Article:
Sunday, October 31, 2010

Look Around

Take a look around you. Maybe not physically but more metaphorically. What's going on with the people around you? How well do you know these people and what they're dealing with? I would have to say most of us don't really know what's going on.

For me, and a lot of people like me, something in their heads sings this song to them almost every day of their lives.

video

I'm sure everyone at some point or another has heard that haunting voice singing to them and telling them they're not good enough, that there is no hope for the future, and that the best thing to do would be to succumb to the gloom that depression offers.

I know I've certainly been there a lot.

When I take a look around, I see a lot of people trying to do good. There's this campaign going around to try and inspire hope: the It Gets Better project.

I've taken a part in it. I created a music video a few years ago in which, coincidentally, was about the same time I was coming out. The video is about a person coming to terms with themselves.

But then I really think about this project. Yes, I do think that it's a positive thing, and I do believe that it does inspire some hope in those who are feeling hopeless. But really, why all the effort on reaching out to those that we do not know?

Now, before you jump to any conclusions about that question, lemme clarify. I do think that people who are working on these projects are good, and they have good intentions, and that they are inspiring some hope. However, if you take a look around you, there are a lot of people you *already know* that need more of your attention.

There are people at our parties that go unnoticed, there are new classmates that go unwelcomed, old friends who have gone silent, family members who have lost their vitality, and so many others that we already have a relationship with that are simply fading away.

I have a way of trying to express my grief. And yes I know that often times it can be unhealthy. I post a facebook status, write a poem, or write in my blog. For the most part, I get people who text, write, or call asking to help and I begin to process. Maybe I'm just too stubborn to directly ask for help. But then, more often than not, I get some sort of message from someone I had previously considered a friend. It usually tells me that I am being ridiculous in my means of seeking help, that I'm dragging others down, that I need to suck it up and just get over it.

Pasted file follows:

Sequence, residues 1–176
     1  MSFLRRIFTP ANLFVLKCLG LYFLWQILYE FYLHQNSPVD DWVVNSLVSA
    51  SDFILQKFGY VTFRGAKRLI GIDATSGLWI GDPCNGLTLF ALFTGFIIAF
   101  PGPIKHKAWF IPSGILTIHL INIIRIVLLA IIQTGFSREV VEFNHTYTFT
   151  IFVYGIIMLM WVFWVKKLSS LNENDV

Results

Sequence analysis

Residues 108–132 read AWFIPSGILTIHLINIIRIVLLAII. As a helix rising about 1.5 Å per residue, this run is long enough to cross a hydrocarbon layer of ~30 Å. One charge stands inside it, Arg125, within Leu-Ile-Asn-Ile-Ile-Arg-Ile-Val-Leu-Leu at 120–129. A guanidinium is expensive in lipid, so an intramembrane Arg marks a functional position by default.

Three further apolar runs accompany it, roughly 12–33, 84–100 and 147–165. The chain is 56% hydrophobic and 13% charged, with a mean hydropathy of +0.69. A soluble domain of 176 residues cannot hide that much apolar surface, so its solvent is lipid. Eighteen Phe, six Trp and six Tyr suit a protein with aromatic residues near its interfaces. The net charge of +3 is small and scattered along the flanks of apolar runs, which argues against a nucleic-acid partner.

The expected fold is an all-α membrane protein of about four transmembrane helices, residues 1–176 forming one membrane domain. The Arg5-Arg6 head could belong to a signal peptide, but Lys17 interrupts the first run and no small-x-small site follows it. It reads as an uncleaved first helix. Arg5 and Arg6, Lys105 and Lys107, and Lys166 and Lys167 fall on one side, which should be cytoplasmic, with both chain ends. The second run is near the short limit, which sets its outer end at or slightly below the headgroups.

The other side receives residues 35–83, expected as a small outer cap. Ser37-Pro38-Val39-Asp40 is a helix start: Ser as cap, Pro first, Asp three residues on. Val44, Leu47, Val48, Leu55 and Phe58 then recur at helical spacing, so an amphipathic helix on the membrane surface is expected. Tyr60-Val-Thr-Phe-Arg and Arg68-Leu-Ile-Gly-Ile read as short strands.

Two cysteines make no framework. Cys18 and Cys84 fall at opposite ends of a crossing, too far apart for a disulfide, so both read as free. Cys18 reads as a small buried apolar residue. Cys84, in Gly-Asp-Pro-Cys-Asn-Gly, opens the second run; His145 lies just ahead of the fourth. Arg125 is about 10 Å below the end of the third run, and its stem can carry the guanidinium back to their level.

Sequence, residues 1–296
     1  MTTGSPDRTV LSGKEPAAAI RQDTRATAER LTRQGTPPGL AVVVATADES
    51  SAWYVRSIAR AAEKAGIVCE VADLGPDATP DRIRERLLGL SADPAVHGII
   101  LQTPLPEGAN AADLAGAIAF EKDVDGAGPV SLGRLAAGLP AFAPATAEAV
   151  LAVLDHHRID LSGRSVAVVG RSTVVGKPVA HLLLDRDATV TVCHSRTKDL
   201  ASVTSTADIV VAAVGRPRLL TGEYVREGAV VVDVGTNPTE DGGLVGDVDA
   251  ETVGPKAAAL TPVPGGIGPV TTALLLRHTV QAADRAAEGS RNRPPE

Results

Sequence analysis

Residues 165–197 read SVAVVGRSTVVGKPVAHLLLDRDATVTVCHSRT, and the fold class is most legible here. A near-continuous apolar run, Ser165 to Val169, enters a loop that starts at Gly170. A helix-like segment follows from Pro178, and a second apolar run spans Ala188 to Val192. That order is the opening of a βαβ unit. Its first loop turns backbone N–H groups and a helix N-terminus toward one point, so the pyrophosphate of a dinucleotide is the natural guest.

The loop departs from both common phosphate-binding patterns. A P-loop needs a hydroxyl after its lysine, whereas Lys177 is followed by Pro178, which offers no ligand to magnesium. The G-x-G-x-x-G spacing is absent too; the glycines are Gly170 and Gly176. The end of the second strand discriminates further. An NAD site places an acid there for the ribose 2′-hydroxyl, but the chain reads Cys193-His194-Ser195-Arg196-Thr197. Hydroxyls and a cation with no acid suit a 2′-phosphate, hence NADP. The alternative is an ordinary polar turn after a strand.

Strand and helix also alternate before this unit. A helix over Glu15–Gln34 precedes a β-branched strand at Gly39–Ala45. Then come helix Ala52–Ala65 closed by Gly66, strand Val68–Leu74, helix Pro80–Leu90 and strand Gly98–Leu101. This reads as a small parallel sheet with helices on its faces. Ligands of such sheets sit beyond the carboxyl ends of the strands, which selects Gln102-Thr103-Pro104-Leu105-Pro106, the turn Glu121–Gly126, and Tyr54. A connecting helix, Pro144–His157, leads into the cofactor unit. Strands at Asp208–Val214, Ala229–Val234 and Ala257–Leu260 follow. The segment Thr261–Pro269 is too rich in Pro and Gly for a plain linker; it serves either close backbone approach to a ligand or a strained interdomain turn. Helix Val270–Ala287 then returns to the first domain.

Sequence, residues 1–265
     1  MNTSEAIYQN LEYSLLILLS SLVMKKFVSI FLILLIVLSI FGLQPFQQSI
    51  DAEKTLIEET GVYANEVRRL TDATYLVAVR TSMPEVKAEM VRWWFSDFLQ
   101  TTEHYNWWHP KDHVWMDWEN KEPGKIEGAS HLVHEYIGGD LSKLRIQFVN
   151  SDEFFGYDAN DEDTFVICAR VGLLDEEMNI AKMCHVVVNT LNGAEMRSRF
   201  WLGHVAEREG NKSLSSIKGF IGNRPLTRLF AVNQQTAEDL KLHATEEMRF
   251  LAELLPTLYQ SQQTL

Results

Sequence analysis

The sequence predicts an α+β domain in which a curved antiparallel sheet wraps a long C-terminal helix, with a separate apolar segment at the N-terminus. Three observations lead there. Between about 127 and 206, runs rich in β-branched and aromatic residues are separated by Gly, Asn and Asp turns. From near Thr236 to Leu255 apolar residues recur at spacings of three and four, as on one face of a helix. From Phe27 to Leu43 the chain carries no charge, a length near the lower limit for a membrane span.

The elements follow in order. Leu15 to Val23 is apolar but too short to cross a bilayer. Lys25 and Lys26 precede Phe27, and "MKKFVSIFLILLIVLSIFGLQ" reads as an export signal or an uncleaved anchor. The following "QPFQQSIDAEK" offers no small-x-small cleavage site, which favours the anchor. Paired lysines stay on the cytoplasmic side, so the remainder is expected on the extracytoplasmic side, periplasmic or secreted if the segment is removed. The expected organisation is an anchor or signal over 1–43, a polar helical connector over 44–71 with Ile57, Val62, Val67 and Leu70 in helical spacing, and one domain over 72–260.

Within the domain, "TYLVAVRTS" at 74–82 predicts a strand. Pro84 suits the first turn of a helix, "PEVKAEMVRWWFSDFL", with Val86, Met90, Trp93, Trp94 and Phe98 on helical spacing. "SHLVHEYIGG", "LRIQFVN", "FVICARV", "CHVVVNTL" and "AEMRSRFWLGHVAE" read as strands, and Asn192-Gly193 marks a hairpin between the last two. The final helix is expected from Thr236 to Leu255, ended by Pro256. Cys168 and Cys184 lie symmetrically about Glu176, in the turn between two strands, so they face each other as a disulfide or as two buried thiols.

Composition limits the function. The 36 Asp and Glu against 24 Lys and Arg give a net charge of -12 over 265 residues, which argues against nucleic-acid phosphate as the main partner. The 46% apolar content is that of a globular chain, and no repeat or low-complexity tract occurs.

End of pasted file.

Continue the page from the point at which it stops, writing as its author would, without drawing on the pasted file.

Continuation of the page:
And, incredibly, these are some of the same people that are reaching out the countless unknown faces who need help. It seems that their concern lies more with being heard, and being known or popular, than with actually doing some good.

I have been working harder on finding those in my circle of friends who are feeling left out. It is truly rewarding to find someone that really just needed a friend to talk to. Their eyes light up, their smile comes back, and there is a very strong emotional connection that is built. Those connections usually last far longer than a stranger saying in passing, "things will get better".

I'm sorry if this has come across as a pity party for myself. It was not intended to do so. I simply wish to call people to pay attention to what is going on right in their very own relationships.

Find the black sheep. Find the kid at the party sitting by himself. Invite people beyond your usual circle of friends to do something fun. Be aware. We all know what it feels like to be left out, and feel like if we just disappeared, the world would go on as usual. Don't let your friends feel like that. They're your friend for a reason. Find the good in them, and *be* the good you wish to see in others.

2 comments:

  1. Two thumbs up. I'm one of those loners. The high points of me weekend were a friend inviting me to have coffee with him, and another friend posting on my facebook wall that he missed seeing me at a party. It's the little things that count.

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  2. Awesome post. Mastering the art of awareness around me is a lofty personal goal of mine. Thanks for the great reminder.

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